PC Nails Kevin Kelley Hire


Kevin Kelley broke several Division I FCS records in his first game as the Blue Hose head football coach. Photo © Mitchell Mercer.

Mitchell Mercer, Staff Writer

Presbyterian College drew howls of protest last year when, despite the team’s 4-3 record, competitive in all games, and its first winning season since 2014, Head Football Coach Tommy Spangler got the axe.

From newspaper editorials to outraged alums, the reaction wasn’t pretty. Spangler, now a defensive coach at nearby Clinton High School, received a lot of support as fans, students, and alumni loudly let it be known they felt the College had made a massive mistake.

The 2020-21 season had represented a return to PC for Spangler, who left back in 2006. The Blue Hose did not thrive in his absence. With legendary South Carolina high school coach Bobby Bentley and Harold Nichols, both PC alums, at the helm, the team compiled a 31-82 record: a winning percentage of 27.4 percent. As the program hemorrhaged support, the College made the decision in 2017 to move from the Big South to the Pioneer Football League, still Division I, but a non-scholarship league.

The decision was costly for PC, as Spangler faced the loss of many key players to the transfer portal, including future Indianapolis Colts cornerback Rock Ya-Sin, Coastal Carolina running back and play-maker C.J. Marble and former starters Adonis Sealey and Ralph Singleton at offensive tackle.

While Spangler was able to retain key contributors Keith Pearson and Colby Campbell, the transition hurt the program’s recruiting. As a result, many on the football roster are walk-ons, paying out of pocket for their PC tuition. Spangler was seen to have done remarkably well with limited options. 

The PC football job may not just be the toughest Division I FCS job—it may be the hardest college coaching job period.

Even YouTube got into the act a few years back, with a vlogger calling Presbyterian College the “worst college team” in America and claiming that a powerhouse high school program in California could beat the Hose. 

A Risky Play

For PC’s new leader, Dr. Matthew vandenBerg, facing his first major test as president, the combination of circumstances represented a high-pressure situation. Knowing the program faced an uphill battle fighting for success, knowing that by comparison other small South Carolina schools — Coastal Carolina, Wofford, The Citadel, Furman — had had much more success in Division I FCS — vandenBerg called a risky play.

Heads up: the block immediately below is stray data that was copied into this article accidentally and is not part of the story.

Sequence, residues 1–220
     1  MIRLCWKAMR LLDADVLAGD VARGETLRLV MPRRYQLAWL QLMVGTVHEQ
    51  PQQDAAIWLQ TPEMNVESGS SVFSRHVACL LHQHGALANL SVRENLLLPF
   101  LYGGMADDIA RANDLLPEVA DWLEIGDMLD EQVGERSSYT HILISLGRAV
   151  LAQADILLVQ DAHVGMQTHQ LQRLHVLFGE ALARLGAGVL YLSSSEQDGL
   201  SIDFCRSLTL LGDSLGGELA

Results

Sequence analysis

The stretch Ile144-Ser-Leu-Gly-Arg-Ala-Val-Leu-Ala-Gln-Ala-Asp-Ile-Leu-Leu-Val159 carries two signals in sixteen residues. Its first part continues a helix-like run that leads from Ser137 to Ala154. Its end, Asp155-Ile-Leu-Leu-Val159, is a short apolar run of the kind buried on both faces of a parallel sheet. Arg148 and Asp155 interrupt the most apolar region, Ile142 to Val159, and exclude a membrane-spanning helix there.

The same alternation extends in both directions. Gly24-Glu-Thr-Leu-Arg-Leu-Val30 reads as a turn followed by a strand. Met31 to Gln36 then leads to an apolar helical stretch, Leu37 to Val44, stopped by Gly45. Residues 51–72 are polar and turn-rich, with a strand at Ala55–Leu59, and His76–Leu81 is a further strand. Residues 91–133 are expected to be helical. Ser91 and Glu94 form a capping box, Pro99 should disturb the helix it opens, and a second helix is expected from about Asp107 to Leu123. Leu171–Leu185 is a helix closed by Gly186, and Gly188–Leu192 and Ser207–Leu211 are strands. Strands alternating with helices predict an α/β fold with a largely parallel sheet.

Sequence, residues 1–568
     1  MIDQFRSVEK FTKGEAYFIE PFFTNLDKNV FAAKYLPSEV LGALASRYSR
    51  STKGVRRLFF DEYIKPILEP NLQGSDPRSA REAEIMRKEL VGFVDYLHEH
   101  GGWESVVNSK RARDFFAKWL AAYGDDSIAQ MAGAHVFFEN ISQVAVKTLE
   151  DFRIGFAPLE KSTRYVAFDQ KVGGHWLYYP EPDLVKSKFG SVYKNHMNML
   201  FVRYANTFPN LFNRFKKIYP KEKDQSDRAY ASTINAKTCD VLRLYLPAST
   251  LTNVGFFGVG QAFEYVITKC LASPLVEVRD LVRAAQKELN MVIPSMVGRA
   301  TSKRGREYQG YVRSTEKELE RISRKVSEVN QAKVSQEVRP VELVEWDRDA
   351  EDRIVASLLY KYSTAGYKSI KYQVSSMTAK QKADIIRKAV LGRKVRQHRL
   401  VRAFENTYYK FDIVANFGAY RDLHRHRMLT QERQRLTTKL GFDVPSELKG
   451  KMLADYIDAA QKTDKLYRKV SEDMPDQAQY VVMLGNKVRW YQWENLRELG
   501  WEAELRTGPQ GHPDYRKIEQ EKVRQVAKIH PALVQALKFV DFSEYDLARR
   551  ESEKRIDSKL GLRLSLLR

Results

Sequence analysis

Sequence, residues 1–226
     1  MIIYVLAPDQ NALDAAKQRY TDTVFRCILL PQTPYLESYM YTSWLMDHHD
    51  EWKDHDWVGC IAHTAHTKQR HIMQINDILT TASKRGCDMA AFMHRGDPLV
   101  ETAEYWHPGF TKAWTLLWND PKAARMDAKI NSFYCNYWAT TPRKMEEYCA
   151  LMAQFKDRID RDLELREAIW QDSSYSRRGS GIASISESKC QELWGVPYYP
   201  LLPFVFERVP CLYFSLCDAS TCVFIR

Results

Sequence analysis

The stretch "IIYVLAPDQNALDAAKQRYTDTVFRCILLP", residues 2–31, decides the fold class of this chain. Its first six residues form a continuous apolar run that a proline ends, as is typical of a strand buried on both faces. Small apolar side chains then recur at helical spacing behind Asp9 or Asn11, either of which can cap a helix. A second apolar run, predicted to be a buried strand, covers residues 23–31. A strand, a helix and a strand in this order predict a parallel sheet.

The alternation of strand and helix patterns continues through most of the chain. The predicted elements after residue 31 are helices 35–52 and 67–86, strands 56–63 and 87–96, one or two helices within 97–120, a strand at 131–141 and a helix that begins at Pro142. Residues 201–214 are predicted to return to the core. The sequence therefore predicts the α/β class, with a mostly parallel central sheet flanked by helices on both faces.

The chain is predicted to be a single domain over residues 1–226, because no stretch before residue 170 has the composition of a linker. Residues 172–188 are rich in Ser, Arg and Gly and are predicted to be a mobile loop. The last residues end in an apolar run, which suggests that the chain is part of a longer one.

He hired Kevin Kelley of Pulaski Academy out of Little Rock, Ark., otherwise known as “the coach who never punts”—and early results seem to indicate that it was an inspired move.

There were naysayers, to be sure. Despite winning multiple state championships at Pulaski, despite his coaching philosophy’s being praised by luminaries like New England Patriots legend Bill Belichick, many felt the hire was risky, that PC was taking too much of a gamble. 

It’s true the transition from high school to college can be a bumpy one. Coaches have struggled mightily with the NCAA rules, not to mention with recruiting, the complex playbooks and more mature players.

But Kelley has proved all of his doubters wrong.

In his first-ever game as PC’s head coach, he dominated for 60 minutes by defeating St. Andrews 84-43. Indeed, PC quarterback Ren Hefley broke a Division I FCS record, throwing 38 completions with 10 touchdowns. 

The win was so massive that PC was the top story on ESPN SportsCenter–and garnered coverage on CBS Sports, The Athletic, and more. 

Then PC proved lightning could strike twice. On the heels of that home-opening victory, the Hose posted another dominating performance against Fort Lauderdale. They won 68-3, with the offense posting 635 yards. 

The bottom line is that Kelley has brought excitement to the fan base and a relevance to the program that it hasn’t experienced in years.

More With Less

Presbyterian College’s football program is a tough job, but Kelley has proven that winning can happen in Clinton.

Kelley has brought excitement not only to campus, but throughout Clinton and Laurens County. Everyone is now coming together and cheering on PC at Bailey Stadium on Saturdays, compared to a sea of empty seats in seasons past.

Kelley has done more with less in a tough roster situation, has hired great new coaches and retained solid members of the old staff and is building a program that is all about a positive culture and the belief that the team can win games.

PC will play tougher opponents in Campbell, San Diego and Davidson, but winning by large margins in early games not only builds confidence and momentum, it helps the players believe that, despite relative disadvantages, the program can compete at a high level.

It’s looking like the best is yet to come for Kelley and the PC football program. Indeed, PC President vandenBerg nailed the Kevin Kelley hire.